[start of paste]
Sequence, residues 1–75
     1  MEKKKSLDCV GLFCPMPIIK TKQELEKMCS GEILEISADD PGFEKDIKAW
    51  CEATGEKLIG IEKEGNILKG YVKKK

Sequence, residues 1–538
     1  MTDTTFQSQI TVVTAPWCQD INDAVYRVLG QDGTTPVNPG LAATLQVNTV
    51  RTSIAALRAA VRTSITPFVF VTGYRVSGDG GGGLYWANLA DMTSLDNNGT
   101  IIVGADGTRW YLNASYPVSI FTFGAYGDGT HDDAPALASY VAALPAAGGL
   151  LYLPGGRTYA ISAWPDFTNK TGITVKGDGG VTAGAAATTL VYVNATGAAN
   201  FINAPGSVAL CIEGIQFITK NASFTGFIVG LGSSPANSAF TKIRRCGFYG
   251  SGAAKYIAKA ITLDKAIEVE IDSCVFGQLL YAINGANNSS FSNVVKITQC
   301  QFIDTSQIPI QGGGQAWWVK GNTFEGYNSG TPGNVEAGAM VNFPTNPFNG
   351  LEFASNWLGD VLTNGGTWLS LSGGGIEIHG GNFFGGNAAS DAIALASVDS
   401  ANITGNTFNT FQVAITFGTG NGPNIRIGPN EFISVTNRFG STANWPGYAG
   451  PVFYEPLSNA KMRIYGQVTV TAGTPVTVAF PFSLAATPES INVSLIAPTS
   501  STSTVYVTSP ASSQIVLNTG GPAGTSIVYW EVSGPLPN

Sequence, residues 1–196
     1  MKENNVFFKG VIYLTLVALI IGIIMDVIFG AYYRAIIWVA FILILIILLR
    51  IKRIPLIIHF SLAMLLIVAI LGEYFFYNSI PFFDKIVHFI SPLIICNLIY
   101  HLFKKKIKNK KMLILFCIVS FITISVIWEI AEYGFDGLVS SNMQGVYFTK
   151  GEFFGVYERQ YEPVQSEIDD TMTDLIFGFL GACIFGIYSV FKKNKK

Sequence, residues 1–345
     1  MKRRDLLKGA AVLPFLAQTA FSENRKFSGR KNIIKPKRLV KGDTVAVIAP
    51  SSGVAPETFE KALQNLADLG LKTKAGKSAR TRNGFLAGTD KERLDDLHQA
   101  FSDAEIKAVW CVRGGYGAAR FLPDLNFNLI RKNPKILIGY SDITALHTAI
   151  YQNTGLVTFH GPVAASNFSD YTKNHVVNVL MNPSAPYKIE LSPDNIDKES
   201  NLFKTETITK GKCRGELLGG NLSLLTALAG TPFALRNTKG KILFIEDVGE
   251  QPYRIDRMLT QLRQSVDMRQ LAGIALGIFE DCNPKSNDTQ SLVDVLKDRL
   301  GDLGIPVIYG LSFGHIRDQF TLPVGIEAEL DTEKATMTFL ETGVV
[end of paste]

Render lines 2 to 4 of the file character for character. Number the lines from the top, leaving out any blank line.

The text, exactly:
     1  MEKKKSLDCV GLFCPMPIIK TKQELEKMCS GEILEISADD PGFEKDIKAW
    51  CEATGEKLIG IEKEGNILKG YVKKK

Sequence, residues 1–538